I was discussing the months-long rash of statue-topplings with a friend who has been a director of historical sites. He considers the memorials in cemeteries and battlefields to be sacred, but thinks statues elsewhere can be culled and supplanted. “Parks belong to the living.”
The living are their customers, certainly: picnickers, baseball players, bird-watchers, lovers, the lonely. But how should the living think about the public art that parks contain?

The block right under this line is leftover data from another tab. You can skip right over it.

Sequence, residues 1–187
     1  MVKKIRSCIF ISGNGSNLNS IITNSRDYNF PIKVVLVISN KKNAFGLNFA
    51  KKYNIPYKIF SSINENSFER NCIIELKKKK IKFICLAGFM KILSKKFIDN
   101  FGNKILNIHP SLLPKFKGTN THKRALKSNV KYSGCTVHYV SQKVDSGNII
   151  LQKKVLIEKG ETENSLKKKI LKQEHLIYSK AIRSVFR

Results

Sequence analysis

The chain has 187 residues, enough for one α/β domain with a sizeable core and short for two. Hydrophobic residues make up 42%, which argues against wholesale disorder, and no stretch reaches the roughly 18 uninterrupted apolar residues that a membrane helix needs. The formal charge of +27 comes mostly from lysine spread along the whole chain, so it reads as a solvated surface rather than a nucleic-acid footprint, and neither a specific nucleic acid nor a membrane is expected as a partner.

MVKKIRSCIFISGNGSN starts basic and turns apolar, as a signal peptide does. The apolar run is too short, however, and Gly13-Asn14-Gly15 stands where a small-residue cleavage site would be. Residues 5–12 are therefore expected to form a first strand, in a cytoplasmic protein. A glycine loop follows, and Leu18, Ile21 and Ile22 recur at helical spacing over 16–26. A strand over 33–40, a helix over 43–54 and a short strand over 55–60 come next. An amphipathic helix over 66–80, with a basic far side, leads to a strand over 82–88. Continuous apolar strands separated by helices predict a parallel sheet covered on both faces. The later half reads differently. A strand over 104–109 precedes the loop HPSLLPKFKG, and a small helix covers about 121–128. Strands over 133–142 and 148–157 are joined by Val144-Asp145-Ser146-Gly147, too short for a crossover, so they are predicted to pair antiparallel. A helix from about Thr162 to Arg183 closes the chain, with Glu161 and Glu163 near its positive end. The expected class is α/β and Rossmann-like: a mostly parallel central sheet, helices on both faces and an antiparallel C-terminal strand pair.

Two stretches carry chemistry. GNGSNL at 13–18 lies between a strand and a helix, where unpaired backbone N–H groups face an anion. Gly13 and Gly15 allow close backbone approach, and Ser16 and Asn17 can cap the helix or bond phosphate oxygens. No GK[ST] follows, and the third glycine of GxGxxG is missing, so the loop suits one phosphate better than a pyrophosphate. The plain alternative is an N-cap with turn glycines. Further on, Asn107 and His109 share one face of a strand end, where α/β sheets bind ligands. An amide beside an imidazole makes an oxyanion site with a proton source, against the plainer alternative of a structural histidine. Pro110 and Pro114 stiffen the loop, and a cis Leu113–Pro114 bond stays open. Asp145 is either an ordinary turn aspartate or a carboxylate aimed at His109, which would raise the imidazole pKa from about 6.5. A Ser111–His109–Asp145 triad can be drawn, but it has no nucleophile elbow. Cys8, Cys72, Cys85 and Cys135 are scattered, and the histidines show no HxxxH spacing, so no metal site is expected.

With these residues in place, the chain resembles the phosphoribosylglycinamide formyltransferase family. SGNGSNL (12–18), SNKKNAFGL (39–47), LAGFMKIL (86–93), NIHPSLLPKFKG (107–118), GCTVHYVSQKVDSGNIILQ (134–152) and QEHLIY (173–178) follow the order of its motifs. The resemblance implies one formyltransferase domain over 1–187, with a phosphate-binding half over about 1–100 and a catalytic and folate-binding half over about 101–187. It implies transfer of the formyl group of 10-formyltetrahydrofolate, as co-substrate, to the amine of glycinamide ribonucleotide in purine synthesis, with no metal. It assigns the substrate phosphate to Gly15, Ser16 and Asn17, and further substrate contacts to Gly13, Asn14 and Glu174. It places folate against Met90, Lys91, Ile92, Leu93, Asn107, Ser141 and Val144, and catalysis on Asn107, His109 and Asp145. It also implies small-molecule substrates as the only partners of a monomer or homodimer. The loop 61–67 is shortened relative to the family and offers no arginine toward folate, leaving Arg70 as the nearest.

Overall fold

Statues should not be of the living: That would mean turning parks into Instagram, or North Korea; only entertainers and despots need apply. Instead we memorialize the dead. Which dead, then?
This article appears as “Topplers of the Founding” in the December 17, 2020, print edition of National Review.
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